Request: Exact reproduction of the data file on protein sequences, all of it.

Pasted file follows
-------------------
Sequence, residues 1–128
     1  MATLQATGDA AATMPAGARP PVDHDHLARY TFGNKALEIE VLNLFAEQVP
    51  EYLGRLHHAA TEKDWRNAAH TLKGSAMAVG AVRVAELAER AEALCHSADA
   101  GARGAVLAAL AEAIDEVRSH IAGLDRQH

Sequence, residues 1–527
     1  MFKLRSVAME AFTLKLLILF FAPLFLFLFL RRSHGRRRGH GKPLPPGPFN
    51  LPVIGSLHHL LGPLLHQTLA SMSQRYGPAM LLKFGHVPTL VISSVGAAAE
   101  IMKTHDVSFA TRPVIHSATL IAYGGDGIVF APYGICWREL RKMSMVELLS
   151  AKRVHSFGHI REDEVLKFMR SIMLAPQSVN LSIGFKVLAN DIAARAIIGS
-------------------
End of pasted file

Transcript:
Sequence, residues 1–128
     1  MATLQATGDA AATMPAGARP PVDHDHLARY TFGNKALEIE VLNLFAEQVP
    51  EYLGRLHHAA TEKDWRNAAH TLKGSAMAVG AVRVAELAER AEALCHSADA
   101  GARGAVLAAL AEAIDEVRSH IAGLDRQH

Sequence, residues 1–527
     1  MFKLRSVAME AFTLKLLILF FAPLFLFLFL RRSHGRRRGH GKPLPPGPFN
    51  LPVIGSLHHL LGPLLHQTLA SMSQRYGPAM LLKFGHVPTL VISSVGAAAE
   101  IMKTHDVSFA TRPVIHSATL IAYGGDGIVF APYGICWREL RKMSMVELLS
   151  AKRVHSFGHI REDEVLKFMR SIMLAPQSVN LSIGFKVLAN DIAARAIIGS